Bupropion is used as an alternative nonstimulant treatment for ADHD/ADD. According to a 2011 meta-analysis, Bupropion is effective for ADHD in adults 2. Bupropion has dual dopamine-norepinephrine mechanism of action, and this pharmacologic activity is somewhat similar to the presumed action of stimulants3.
A double-blind, placebo-controlled, randomized, parallel, 6-week trial compared 21 patients receiving bupropion SR (up to 200 mg b.i.d.) to 19 patients receiving placebo. Bupropion treatment was associated with a significant 42% reduction of ADHD symptoms at the week-6 endpoint, which exceeded the effects of placebo (24% reduction). In analyses using a cutoff of 30% or better reduction to denote response, 76% of the patients receiving bupropion improved, compared to 37% of the patients receiving placebo. Similarly, in analyses using Clinical Global Impression scale scores, 52% of patients taking bupropion reported being "much improved" to "very improved," compared to 11% of patients taking placebo 16.
- Low rates of sexual side effects 12
- Bupropion may increase sexual desire and pleasure, perhaps due to its dopaminergic properties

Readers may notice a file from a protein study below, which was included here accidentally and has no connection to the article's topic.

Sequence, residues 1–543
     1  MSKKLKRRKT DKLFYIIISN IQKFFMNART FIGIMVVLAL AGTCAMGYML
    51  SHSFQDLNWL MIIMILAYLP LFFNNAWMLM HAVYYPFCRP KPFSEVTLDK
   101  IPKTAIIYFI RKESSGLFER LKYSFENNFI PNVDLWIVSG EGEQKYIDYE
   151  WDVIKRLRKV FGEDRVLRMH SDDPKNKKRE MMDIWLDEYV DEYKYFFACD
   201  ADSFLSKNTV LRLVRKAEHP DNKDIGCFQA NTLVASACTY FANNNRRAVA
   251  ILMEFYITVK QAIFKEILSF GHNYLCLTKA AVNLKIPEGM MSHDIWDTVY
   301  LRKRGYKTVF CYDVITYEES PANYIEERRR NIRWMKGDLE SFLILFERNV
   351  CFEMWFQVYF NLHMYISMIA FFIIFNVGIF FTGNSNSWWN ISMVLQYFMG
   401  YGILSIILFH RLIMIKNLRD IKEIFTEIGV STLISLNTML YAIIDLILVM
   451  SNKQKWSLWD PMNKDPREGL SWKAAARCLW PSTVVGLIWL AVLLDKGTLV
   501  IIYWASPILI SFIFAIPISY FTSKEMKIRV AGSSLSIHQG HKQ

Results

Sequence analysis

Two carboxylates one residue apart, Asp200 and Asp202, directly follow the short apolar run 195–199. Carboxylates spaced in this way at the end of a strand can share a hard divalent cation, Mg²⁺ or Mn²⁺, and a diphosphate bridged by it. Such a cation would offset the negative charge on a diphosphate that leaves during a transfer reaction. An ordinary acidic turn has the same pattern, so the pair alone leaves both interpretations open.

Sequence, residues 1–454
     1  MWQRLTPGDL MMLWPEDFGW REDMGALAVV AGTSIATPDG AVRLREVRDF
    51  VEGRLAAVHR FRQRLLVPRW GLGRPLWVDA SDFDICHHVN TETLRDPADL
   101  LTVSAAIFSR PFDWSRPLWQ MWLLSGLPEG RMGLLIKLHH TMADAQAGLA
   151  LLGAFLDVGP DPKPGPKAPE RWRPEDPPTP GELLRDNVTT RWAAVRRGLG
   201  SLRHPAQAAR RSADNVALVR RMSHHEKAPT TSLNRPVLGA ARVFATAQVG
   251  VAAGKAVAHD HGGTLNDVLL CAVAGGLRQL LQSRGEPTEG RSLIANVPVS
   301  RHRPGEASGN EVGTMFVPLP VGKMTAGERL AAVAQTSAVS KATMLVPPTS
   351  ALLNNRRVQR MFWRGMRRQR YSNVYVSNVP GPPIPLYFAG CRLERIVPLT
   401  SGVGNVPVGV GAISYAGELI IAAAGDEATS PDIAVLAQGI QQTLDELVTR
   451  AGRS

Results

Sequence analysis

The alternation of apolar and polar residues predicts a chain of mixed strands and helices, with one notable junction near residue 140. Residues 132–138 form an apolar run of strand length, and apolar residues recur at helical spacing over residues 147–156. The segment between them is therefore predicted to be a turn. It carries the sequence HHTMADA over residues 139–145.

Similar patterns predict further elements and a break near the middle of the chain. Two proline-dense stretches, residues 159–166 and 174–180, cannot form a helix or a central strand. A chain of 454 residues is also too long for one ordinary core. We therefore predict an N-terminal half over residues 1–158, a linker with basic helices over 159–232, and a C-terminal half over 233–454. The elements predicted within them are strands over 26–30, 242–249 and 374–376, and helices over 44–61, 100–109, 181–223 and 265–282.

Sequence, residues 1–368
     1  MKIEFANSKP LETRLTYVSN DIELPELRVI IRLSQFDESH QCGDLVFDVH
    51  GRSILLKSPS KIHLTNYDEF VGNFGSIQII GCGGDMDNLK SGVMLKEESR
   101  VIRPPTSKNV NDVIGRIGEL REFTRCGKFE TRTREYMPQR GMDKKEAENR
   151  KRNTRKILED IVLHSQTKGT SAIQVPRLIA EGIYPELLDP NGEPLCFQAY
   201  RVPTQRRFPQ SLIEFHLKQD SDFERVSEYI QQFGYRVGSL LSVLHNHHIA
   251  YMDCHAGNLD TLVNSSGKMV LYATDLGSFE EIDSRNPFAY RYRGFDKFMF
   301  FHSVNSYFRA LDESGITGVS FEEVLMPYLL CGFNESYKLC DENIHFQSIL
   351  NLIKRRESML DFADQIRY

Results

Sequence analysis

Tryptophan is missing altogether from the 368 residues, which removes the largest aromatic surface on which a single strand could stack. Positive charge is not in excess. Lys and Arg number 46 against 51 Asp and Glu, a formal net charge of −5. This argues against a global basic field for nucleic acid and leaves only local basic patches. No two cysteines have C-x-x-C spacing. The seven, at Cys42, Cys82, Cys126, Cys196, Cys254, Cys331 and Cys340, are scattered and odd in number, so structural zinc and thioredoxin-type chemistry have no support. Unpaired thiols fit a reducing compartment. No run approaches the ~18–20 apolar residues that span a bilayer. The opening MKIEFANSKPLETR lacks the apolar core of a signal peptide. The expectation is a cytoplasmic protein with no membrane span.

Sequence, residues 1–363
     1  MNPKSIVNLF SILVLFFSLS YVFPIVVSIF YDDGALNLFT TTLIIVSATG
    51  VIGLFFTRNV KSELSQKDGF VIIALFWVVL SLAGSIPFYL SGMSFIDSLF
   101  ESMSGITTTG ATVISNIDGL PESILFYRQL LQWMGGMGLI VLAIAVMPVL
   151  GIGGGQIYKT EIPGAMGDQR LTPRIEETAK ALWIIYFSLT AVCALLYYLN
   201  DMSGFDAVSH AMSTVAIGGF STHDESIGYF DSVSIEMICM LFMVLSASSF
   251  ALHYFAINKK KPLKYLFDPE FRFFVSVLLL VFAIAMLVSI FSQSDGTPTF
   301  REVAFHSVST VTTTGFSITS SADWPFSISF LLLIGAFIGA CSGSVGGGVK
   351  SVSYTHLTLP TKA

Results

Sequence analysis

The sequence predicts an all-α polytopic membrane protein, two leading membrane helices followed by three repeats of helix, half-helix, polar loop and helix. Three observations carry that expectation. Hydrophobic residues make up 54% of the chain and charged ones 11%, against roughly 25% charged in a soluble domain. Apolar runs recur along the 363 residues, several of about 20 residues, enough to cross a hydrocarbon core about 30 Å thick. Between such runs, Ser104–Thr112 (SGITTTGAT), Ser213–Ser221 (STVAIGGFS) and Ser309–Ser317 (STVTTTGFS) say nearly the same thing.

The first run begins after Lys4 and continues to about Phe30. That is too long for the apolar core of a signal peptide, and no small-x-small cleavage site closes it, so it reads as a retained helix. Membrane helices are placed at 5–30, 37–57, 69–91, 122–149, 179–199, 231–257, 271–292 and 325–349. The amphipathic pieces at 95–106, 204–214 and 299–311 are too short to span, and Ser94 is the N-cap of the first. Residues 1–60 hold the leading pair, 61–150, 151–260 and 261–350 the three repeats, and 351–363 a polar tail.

- Does not cause weight gain
- REM sleep enhancement (shortens REM latency and increases REM sleep) 4
- Least chance of triggering mania 5
- Lower risk of inducing switches to hypomania or mania in bipolar depression 7
- Does not affect psychomotor performance 9
- More beneficial with regard to cognitive function than other antidepressants. Bupropion may alleviate impaired cognitive performance during smoking cessation29.
- Very effective for depression with pronounced symptoms of low energy, lack of pleasure and interest32.
- Similar effectiveness to SSRIs 12, 13
- Less nausea, diarrhea, somnolence than with SSRIs 13
- May help with sleepiness and fatigue 28
- There is preliminary evidence that bupropion may reduce the risk of open-angle glaucoma 30